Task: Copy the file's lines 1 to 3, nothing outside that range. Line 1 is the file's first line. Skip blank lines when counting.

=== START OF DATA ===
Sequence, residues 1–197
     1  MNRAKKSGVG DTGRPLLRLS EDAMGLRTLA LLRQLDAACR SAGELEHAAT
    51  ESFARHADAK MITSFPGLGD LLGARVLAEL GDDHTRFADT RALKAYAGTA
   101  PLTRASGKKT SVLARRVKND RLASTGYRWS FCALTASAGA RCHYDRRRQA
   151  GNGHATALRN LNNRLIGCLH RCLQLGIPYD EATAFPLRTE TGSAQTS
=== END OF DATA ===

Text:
Sequence, residues 1–197
     1  MNRAKKSGVG DTGRPLLRLS EDAMGLRTLA LLRQLDAACR SAGELEHAAT
    51  ESFARHADAK MITSFPGLGD LLGARVLAEL GDDHTRFADT RALKAYAGTA